There is always that question when sitting down talking to friends on the first day of school asking, "Do you have any brothers or sisters?" My answer to that question was always, "Well no, but I have dogs!" Yes, I was that girl, but I ended up gaining many qualities from being an only child.
Sure, it was lonely at times and there was quite a bit of time where imaginary friends were a thing. But, I learned how to be very independent and mature from it.
I grew up being an only child with divorced parents at the age of two. I was always a really shy kid and felt a little out of place. In social settings outside of school, I was rarely around other people my age. After I would get home from elementary school, I would always play with my barbies, Polly Pockets, and little pet shop toys. My dog, Smirnoff, (yes her name is Smirnoff) would sit and watch me play with my toys. Smirnoff was like a sibling to me. Just one that couldn't talk… but would always listen.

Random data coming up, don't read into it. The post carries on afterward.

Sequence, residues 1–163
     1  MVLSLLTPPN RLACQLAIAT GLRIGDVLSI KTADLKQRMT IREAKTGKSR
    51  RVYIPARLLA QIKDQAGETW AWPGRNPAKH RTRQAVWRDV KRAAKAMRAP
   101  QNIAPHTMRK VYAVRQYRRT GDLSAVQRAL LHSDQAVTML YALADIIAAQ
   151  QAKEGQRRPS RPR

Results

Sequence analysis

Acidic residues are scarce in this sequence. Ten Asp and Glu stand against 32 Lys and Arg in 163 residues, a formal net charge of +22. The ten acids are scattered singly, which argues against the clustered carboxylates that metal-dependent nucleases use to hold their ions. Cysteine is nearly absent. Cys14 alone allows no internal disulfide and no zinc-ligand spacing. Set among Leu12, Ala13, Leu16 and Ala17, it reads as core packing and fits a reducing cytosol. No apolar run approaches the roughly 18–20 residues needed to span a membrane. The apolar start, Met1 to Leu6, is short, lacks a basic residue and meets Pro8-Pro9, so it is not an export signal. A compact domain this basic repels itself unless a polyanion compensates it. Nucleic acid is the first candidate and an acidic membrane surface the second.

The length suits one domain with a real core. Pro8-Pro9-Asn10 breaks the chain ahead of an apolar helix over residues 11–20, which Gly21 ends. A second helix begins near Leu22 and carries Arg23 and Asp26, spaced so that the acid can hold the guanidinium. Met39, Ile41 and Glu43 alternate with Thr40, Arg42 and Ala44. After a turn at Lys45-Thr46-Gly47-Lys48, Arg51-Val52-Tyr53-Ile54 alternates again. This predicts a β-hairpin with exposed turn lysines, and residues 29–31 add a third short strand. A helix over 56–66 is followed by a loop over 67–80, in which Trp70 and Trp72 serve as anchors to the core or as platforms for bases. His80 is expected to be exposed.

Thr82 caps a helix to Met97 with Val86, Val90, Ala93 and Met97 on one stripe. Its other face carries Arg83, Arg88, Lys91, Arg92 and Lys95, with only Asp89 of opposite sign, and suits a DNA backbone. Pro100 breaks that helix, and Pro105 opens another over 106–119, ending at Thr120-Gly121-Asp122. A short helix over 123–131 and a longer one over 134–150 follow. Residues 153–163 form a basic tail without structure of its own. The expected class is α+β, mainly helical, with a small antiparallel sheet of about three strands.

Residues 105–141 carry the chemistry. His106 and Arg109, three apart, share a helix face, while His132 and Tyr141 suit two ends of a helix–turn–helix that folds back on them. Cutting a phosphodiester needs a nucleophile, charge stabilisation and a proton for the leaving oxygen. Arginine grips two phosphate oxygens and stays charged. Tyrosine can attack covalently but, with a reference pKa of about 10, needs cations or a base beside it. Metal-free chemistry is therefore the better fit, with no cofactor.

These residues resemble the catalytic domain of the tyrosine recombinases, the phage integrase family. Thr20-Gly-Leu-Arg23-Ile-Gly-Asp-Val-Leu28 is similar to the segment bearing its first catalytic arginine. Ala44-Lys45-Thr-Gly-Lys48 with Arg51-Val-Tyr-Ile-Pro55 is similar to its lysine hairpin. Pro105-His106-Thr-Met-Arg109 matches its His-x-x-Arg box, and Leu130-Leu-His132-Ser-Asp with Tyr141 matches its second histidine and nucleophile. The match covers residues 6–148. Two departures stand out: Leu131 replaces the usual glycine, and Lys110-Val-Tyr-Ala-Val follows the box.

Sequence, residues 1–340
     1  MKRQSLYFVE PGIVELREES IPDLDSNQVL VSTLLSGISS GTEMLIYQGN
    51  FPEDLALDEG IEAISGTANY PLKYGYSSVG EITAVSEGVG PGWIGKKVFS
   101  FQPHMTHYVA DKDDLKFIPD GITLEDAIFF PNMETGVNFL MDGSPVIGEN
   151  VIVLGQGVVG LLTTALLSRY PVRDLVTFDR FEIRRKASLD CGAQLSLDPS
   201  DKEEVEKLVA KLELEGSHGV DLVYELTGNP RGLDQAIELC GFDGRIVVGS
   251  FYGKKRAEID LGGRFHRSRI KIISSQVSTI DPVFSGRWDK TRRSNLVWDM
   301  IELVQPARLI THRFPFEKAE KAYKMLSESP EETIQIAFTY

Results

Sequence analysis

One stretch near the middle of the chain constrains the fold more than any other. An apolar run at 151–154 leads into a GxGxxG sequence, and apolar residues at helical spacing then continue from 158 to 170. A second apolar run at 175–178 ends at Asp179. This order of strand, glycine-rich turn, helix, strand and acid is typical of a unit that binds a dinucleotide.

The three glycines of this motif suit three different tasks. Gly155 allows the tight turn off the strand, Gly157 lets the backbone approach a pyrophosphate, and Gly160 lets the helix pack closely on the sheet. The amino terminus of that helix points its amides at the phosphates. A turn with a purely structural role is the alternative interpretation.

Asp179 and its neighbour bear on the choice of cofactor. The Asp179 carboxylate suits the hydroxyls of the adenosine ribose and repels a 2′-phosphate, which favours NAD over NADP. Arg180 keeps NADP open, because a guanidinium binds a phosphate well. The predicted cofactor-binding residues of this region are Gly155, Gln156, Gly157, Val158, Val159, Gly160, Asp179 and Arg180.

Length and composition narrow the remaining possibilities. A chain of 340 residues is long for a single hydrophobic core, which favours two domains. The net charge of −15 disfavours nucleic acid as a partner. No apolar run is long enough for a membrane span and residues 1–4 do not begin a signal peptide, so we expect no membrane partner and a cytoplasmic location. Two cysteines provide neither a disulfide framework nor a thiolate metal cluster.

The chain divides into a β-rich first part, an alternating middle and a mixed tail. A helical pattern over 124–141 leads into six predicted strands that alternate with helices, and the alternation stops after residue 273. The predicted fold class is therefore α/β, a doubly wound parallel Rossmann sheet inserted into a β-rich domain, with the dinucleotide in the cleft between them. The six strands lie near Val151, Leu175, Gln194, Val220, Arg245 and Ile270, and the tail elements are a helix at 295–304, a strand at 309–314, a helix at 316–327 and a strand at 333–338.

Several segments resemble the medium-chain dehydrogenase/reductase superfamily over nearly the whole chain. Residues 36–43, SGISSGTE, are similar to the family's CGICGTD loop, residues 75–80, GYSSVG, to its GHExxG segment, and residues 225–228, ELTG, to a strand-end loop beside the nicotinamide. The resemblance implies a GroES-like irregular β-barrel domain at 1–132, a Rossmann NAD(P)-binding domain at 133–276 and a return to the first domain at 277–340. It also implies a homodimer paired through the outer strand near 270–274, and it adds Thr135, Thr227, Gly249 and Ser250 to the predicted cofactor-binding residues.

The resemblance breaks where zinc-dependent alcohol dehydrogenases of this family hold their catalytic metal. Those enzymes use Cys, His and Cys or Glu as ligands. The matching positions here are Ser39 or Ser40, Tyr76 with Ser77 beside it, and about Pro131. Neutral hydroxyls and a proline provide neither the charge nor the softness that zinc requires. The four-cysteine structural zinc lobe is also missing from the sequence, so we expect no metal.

There are many stereotypes that go along with being an only child. Antisocial, spoiled rotten, loners, and selfish, to name a few. I hate to break it to you but stereotypes are usually wrong. Just because two partners only had one child doesn't mean they're magically going to get be spoiled and get everything they want.
Most of the time only children end up being very independent, social, kind, and empathetic. Since us only children have spent most of our time with older adults we tend to have more of a mature outlook on situations.
I want to clear a couple things up about being an only child:
1. We aren't that weird.
There are many stereotypes out there that claim only children are weird because they aren't around children their age as much.
2. We don't get everything we want.
Our parents are the same as all other parents. They had one child for a reason and that reason being: having kids is a lot of money.
3. We actually don't mind sharing with other people.
Just because we've probably had our own room and bathroom our whole lives doesn't mean we can't be nice and share.
4. We aren't loners.
We have friends, just saying
5. We make sure to respect authority figures.
Growing up mainly around adult figures allowed us to gain a different type of respect for authority
6. We aren't self-absorbed.
"I love me, myself, and I" is not our motto.